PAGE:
Hervey Bay Presbyterian Church

Living ‘in-Christ’ (1)

Bible Readings

  • Ephesians 5:1-10
  • Colossians 3:1-12

Introduction

Dear Brothers and Sisters in the Lord Jesus Christ,

Our topic for this morning is United with Christ—living ‘in-Christ’.  This is the first in a short series of three sermons

This sermon is the next in a series from the letter of Paul to the church in Colossae which I have placed under the heading United with Jesus Christ.  The first in this series was about the Effect of the Gospel 1:3-8); then followed the Call of the Gospel (1:9-12); then the Content of the Gospel (1:13-14); what followed then was the Origin of the Gospel (1:15-23).  Then we moved on to the Defence of the Gospel (1:24-2-23).

Sometimes the apostle Paul interrupts himself in his line of argument by introducing a new theme; he then later comes back to the original line of thinking to complete that argument, and then he moves on to the new line of thinking to elaborate on that more precisely.  This is exactly what happens in chapter 2.  He first points out the need for us all to grow in our understanding of the Gospel and warns about those who might distort the message of the Gospel by all kinds of philosophies. Then, beginning from verse 11, he introduces a new argument about our union with Christ. This goes through to verse 15.  He then in verse 16 goes back to complete the original point about why we must be able to defend the Gospel against some who might try to establish certain traditions in place of or alongside the Gospel.  In chapter 3 he returns to the theme of union with Christ and elaborates on that point.  This is what we understand as the Living ‘in-Christ’.

So, let’s go back to chapter 2:11-15 which deals with our union with Christ in his death and resurrection.  I call on your full attention to follow the foundations for the argument to put to death our earthly nature.  

Association and participation

There is a very interesting shop in the Blue Mountains in NSW.  This particular shop is home to the largest collection of teapots in the world. On shelves about pelmet height, displayed right through every room of this old home which now serves as a shop, are displayed more than 4,000 teapots.  This, they say, is only half the collection; the rest is in containers stacked in the garage of the owner of the shop.  But that’s not all:  apart from this very extensive collection of teapots, you can find every conceivable piece of glassware – not only displayed on shelves out of your reach.  No, wherever to put your foot down or swing your arm or point your finger at, you bump into precious glassware.  Don’t go there if you have to use a walking stick!

Your presence in that shop binds you to the condition of entry, ‘You brake it, you pay for it’. Accepting this condition makes you a partner of the business for the duration of the visit, sharing in the risk of running it.

The operative words here are association and participation.  This takes us back to Colossians 2:11-15. I will try to explain this fairly complex paragraph in the word of God by breaking it up in little bits.  May God give me the wisdom to explain and plant in your heart his Spirit of understanding!

 God’s covenant with his church in Old Testament times

The background of the verses 11-14 is the Biblical doctrine of God’s Covenant with his people.  God called Israel, which is the Church in Old Testament times, to be his people.  He made an agreement with them in which He was the principal partner, and they the minor partners.  Because God was the only God, who could save, provide, protect and assure safety, by grace took Israel to be his people. He placed upon them obligations stipulated in His covenant, requiring them to live holy lives as people of God.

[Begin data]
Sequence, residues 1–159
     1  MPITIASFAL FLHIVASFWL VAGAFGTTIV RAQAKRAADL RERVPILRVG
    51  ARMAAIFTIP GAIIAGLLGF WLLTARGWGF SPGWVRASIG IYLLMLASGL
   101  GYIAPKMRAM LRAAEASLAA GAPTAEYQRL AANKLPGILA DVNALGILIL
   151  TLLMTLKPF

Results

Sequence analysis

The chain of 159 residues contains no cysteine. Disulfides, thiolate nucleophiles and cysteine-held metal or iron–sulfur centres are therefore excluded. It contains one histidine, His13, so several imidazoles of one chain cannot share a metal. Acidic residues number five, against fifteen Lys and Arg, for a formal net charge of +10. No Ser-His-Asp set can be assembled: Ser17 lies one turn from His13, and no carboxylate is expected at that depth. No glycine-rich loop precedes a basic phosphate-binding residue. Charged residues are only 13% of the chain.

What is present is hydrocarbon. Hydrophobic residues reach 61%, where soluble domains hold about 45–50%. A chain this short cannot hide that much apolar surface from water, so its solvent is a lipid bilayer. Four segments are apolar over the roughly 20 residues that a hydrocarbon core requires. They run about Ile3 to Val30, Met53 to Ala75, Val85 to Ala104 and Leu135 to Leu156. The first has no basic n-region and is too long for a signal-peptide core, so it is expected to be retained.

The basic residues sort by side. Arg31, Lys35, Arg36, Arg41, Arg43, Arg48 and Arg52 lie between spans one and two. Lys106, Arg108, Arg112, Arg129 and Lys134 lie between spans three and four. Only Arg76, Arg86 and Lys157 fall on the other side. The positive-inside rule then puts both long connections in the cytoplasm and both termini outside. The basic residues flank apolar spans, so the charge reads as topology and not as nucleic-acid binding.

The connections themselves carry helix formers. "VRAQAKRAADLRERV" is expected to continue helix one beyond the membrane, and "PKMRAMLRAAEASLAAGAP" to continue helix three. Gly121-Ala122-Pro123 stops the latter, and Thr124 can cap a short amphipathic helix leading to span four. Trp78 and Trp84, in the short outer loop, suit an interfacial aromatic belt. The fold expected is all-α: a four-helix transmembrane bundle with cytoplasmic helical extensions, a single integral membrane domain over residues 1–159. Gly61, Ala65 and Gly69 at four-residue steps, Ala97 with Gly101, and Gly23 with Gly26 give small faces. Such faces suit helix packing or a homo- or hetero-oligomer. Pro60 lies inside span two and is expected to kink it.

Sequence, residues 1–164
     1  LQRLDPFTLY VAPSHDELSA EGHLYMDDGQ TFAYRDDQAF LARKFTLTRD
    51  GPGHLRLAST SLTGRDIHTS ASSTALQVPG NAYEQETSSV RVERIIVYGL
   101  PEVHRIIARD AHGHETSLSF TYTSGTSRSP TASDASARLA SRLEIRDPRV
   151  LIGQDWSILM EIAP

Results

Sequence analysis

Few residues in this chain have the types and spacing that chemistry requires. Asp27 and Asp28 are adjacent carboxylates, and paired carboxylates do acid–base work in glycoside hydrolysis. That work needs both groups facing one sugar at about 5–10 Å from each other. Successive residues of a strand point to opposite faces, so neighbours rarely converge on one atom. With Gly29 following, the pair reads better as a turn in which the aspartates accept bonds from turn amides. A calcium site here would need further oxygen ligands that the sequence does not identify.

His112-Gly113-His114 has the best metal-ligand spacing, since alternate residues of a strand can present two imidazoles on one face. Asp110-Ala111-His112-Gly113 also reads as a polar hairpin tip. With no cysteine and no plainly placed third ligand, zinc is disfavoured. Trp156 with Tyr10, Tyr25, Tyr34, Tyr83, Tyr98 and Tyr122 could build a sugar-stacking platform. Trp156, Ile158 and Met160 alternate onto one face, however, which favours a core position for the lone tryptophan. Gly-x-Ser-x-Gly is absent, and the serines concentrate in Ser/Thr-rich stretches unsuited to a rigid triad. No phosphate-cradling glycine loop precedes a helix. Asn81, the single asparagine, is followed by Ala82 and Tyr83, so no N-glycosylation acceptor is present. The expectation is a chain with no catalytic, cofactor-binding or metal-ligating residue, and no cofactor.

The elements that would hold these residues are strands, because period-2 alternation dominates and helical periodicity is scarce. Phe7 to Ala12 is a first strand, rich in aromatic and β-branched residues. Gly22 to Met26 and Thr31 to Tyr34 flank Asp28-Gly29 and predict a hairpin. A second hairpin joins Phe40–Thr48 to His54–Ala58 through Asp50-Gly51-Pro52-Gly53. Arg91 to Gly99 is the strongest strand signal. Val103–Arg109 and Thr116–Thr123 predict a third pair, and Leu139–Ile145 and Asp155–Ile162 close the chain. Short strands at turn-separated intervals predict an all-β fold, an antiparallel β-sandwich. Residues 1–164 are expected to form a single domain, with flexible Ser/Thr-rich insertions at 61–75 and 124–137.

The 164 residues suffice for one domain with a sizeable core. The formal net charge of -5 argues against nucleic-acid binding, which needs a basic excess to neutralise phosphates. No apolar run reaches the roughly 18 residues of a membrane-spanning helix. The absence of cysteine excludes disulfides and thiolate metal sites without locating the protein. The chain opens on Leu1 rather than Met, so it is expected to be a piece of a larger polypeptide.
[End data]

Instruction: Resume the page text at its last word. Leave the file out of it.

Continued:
He also gave them signs as a seal of this covenant: the circumcision. This circumcision was ultimately a circumcision of the heart, something not done by hands but by the Holy Spirit of God. This sign was a sign of God’s grace, but by this sign they would be set apart from the rest of the nations as God’s holy nation.  They had to turn from their evil practices, not live like the nations around them and worship God only as He commanded them. The term we may use for their sanctification within this context is the term we find in our verse of Col 2:11 – they had to put to death their sinful nature.

Let’s go to one chapter in the Old Testament to illustrate. In Leviticus 19:2 God commanded Moses to speak to the people:  “Say to them: ‘You shall be holy, for I the Lord your God am holy.’” He saved them and made a covenant with them.  That’s why they were called to holiness.  He owns them, and the stipulations of his covenant demanded it.

All sacrifices had their fulfilment in the Passover Lamb (the other Old Testament sacrament). The sacrifices they were to bring to the Lord assured that they could enjoy communion with Him because of their sins being forgiven.  They did not die for their sins, but the animals did.  Their participation in the act of sacrifice and their association with the blood of the animal brought them forgiveness.

God’s covenant with his church in New Testament times

Let’s go back to Colossians.  God extended his covenant of mercy to all nations through the death and resurrection of Jesus Christ.  People from all tribes and tongues and nations now become members of the household of God.  How?  The same way as the people of the Old Testament:  by grace, by agreement (covenant) and through sacrifice. The sacrifice of Jesus Christ superseded the sacrifice of animals, now just tremendously more complete and ultimately more perfect than animal sacrifice.

God also gives to his New Covenant people a sign of his covenant.  It is the same circumcision not done by hands; it remains the mysterious and gracious work of the Holy Spirit. He gives them a circumcision of the heart, here called the circumcision of Christ. 

The people did not die and pay the price of sin during the sacrifice; but by association and participation in the death and blood of the sacrificial animal, God granted them forgiveness.  We don’t die or pay the price for our sins, but by faith we associate with Christ and therefore participate in his death.  So, when He died on the cross, we died.  When He was buried, we were buried.  When He rose again, we rose.